Aggressive driving is defined as intentional driving behavior that places the driver’s safety and wellbeing at risk. The key factor is that aggressive driving is a pattern of on-going driving behavior which should and could be discouraged to ensure the driver’s safety.
As aggressive driving is a pattern and not the result of a one-time misstep, the identification of aggressive driving behavior also needs to be the result of analysis over time. A one-time case of over speeding or a one-time lane violation will not indicate aggressive driving. Fleet and operation managers need to review driving behavior patterns over longer periods of time to identify drivers that exhibit multiple occurrences of aggressive driving.
Aggressive driving behavior can be the result of several factors:
- Can indicate severe stress, anger or fatigue. Often as a result of long driving hours or tardiness
- Can indicate distractions such as using a cellphone or chatting with other passengers
- Can indicate a “this won’t happen to me” attitude where the driver feels they need to exhibit superiority in the road. Often this behavior can be attributed to experienced drivers who have accumulated long hours on the road.
- Can indicate road conditions which force the driver to maneuver in a matter like aggressive driving patterns
Each of the factors above need to be addressed and dealt with before they cause a major accident or loss of lives.
There are several methods fleet managers can use to enable this:
- Analysis of unsafe driving events over time – As mentioned, aggressive driving is a pattern and often this pattern can be detected over specific time periods such as certain days of the week. For example, a driver has a specific delivery route on Mondays which requires him to arrive to the customers at a certain time. The driver will be stressed to maintain the appointment and will exhibit aggressive driving. Identifying this pattern can be easily resolved by adjusting the driver’s route or schedule to allow for him to arrive to the customer without the added stress.
- Use of scoring – Aggregated safety scores provides a comparison of drivers within the same fleet to help detect and indicate drivers exhibiting unsafe driving patterns. As aggressive driving is defined as an ongoing behavior, the driver’s score will be consistently low and point to a pattern and not a one-time misstep. Scores are effective as a competitive tool amongst drivers in the same fleet to provide motivation for drivers to improve.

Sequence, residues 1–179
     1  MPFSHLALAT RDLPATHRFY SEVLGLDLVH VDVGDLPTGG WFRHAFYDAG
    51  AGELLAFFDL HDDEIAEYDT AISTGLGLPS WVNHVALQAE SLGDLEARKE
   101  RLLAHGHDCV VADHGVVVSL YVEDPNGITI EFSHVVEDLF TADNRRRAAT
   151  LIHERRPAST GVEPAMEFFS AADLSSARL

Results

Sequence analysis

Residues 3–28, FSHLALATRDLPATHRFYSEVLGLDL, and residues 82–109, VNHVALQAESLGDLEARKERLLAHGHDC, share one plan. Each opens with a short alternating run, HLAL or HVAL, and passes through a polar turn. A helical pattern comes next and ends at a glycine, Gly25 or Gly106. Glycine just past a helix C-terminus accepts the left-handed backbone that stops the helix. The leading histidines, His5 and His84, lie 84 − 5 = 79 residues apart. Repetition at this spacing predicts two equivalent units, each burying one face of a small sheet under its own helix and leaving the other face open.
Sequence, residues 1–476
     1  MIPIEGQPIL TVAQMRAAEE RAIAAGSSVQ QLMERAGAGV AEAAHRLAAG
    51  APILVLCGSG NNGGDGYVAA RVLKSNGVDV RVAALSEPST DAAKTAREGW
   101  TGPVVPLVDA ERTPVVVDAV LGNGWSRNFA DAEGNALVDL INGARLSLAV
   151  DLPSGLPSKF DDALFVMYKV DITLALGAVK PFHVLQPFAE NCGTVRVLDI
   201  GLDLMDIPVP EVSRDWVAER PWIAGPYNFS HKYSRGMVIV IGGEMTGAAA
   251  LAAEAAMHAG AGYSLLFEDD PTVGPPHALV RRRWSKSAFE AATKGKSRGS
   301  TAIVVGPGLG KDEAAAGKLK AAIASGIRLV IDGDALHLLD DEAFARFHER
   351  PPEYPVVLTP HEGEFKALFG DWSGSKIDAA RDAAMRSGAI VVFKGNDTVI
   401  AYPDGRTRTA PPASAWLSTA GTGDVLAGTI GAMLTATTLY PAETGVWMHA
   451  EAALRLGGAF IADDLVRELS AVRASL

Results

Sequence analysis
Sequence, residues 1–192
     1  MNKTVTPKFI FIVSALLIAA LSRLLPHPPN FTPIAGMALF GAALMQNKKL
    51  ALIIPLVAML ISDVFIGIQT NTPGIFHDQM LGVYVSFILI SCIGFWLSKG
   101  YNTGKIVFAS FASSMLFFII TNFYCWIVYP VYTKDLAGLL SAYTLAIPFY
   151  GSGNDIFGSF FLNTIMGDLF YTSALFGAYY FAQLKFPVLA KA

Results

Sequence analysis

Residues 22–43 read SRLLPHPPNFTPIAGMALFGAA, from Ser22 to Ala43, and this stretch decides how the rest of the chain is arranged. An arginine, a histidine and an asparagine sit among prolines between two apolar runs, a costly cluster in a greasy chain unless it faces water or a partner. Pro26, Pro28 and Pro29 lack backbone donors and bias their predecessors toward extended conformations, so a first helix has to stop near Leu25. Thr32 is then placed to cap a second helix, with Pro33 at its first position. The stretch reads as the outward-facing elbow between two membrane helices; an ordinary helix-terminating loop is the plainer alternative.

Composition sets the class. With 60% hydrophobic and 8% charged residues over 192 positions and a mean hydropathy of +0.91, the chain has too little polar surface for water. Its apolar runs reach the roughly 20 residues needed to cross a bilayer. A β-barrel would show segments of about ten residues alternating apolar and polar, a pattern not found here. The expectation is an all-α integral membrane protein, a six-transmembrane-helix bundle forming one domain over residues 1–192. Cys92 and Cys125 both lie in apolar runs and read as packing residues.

- Detecting unsafe road conditions – Aggressive driving can be a result of road conditions and not the actual driver. This can be easily detected by identifying locations with a high amount of safety related events triggered by different vehicles. A quick inspection of the location can help provide unsafe conditions such as intersections with low visibility or roads with hidden speed limit indication. Fleet managers can then issue warnings to their drivers to process with more caution when traveling such areas.
- Identifying drivers more susceptible to aggressive driving behavior and setting up training sessions geared towards safety. For example, detecting drivers with high amount of driving hours and setting up mandatory safety seminars after a driver has accumulated a set amount of hours.
Aggressive driving behavior is something we can detect, analyze and resolve. Often times it doesn’t have to be resolved using disciplinary measures. By identifying the reasons behind the aggressive patterns, we can help our employees drive safely and efficiently and minimize risk to themselves and others.